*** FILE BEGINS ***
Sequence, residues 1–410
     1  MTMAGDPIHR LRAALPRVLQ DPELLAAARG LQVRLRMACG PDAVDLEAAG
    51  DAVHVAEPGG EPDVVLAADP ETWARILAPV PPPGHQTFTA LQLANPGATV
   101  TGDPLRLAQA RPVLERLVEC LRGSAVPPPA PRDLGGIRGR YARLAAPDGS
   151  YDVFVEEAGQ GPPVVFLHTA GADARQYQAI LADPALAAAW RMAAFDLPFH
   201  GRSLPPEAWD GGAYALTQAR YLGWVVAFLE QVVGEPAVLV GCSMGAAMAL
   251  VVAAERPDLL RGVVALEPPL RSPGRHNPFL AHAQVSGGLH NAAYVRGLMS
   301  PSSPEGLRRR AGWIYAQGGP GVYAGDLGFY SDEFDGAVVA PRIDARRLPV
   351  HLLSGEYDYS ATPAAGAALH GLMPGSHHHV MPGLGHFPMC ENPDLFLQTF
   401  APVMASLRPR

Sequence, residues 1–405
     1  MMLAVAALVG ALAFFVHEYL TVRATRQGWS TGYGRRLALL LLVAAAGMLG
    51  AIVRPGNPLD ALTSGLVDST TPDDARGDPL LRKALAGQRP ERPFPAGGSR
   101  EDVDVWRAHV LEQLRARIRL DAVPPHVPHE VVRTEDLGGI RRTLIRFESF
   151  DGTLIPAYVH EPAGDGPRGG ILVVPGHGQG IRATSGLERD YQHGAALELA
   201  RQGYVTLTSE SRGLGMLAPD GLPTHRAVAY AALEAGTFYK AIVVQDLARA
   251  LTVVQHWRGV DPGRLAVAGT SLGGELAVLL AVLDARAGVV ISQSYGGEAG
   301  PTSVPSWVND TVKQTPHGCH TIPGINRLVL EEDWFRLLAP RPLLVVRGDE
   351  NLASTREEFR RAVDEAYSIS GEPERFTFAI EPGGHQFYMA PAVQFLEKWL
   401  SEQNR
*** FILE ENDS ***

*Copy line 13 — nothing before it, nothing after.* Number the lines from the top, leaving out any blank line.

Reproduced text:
    51  AIVRPGNPLD ALTSGLVDST TPDDARGDPL LRKALAGQRP ERPFPAGGSR